A new study published in the journal Alzheimer's Research & Therapy analyzed the relationship between COVID-19 infection and brain microvascular injury and neuroinflammation.
The researchers of the current study hypothesized that SARS-CoV-2 host factors would be localized in a subnetwork within the comprehensive protein-protein interaction (PPI) network and that proteins associated with certain neurologic functions would be targeted by the virus either directly or indirectly through PPIs with virus host factors. This study has revealed that limited evidence is available that associates direct brain and neuron damage with COVID-19 infection. However, a substantial body of research is available that focuses on the molecular pathways related to neuroinflammation and brain microvascular injury in COVID-19 patients.
To perform unbiased research related to pathophysiological pathways, researchers of the present study have procured multimodal omics datasets for patients with COVID-19. The data included bulk and single-cell/nucleus transcriptomic, proteomic, and interactomic PPIs. The current study has used network-based drug-disease and disease-disease proximity methods to investigate the relationship between drugs or/and drug targets and diseases. This was done to shed light on the mechanistic understandings of the pathobiology of cognitive dysfunction post-COVID-19 infection, which would, in turn, help determine novel targets for the development of effective therapeutics.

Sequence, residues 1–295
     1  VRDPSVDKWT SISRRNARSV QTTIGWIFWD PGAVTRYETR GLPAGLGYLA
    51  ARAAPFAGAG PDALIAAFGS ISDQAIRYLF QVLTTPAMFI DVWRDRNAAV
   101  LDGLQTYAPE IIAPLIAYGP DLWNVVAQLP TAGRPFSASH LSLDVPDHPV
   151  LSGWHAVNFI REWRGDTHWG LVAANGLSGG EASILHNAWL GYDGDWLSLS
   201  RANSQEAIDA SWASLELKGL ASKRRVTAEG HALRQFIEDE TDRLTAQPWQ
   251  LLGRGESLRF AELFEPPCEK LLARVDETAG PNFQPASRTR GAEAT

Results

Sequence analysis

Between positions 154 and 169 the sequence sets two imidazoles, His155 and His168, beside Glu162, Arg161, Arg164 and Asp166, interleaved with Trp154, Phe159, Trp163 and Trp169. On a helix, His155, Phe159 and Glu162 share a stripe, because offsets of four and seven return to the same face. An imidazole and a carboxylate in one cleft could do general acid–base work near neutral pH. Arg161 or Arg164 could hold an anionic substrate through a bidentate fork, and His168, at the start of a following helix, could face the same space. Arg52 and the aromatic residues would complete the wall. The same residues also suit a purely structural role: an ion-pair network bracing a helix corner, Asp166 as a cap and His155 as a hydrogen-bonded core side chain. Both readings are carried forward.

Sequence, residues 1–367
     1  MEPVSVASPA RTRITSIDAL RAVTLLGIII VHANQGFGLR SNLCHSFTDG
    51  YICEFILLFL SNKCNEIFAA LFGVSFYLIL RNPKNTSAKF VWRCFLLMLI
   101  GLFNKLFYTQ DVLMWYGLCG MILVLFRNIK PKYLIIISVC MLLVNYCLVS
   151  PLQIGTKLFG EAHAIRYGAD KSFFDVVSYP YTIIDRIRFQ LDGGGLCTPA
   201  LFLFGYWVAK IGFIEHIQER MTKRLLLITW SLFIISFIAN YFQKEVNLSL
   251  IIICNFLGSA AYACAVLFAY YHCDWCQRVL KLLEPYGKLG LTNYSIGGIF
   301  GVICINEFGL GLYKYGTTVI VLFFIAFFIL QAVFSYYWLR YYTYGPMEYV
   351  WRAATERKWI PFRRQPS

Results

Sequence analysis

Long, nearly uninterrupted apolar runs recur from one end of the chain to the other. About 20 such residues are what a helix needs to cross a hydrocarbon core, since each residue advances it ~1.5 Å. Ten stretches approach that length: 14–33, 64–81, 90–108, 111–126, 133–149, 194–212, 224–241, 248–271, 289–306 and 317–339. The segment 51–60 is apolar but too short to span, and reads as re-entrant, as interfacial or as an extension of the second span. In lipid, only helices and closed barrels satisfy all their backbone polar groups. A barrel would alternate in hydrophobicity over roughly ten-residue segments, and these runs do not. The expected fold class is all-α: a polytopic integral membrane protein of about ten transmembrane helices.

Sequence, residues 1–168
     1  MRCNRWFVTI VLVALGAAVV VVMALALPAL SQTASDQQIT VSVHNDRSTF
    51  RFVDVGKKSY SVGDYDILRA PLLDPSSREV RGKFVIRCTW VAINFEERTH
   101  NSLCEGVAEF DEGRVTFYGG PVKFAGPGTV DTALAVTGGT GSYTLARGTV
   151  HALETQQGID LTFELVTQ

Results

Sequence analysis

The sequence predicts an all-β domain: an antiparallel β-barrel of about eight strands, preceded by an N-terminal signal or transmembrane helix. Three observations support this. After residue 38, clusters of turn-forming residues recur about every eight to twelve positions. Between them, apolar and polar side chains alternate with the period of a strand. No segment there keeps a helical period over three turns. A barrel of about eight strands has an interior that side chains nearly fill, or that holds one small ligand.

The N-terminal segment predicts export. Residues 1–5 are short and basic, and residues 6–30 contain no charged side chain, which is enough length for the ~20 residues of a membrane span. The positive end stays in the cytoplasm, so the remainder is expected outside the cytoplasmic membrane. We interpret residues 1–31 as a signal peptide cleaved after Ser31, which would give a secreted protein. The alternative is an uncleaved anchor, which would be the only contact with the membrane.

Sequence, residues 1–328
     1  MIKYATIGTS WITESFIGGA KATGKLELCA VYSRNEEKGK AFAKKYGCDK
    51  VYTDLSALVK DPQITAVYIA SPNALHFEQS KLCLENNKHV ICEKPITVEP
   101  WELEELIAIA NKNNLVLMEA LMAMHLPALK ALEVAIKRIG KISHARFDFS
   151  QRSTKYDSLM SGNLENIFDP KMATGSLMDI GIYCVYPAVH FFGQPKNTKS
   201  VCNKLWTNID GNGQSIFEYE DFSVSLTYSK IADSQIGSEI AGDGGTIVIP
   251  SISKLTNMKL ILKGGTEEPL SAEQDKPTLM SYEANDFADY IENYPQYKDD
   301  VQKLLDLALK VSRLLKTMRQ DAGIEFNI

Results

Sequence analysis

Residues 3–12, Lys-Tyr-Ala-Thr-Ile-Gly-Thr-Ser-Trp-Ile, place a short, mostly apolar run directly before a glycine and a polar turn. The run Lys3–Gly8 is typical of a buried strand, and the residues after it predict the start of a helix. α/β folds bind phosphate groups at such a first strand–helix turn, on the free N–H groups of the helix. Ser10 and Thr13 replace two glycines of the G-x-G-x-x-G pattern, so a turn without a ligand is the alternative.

The mechanism behind the adverse effects of SARS-CoV-2 infection on the CNS, which increases the possibility of developing AD-like dementia, was studied. Researchers documented some of the gene encoding proteins associated with AD, such as RAB7A, TGFB1, and VCAM1. According to the degrees and eigenvector centralities, these proteins have shown a greater impact on the network. Additionally, based on the transcriptomic analysis profiles, these genes were found to get modified in COVID-19 patients.
In order to investigate the possibility of SARS-CoV-2 invading the brain directly, this study studied the expression of important factors that may contribute to the infection of tissues, brain regions, and brain cell types by SARS-CoV-2.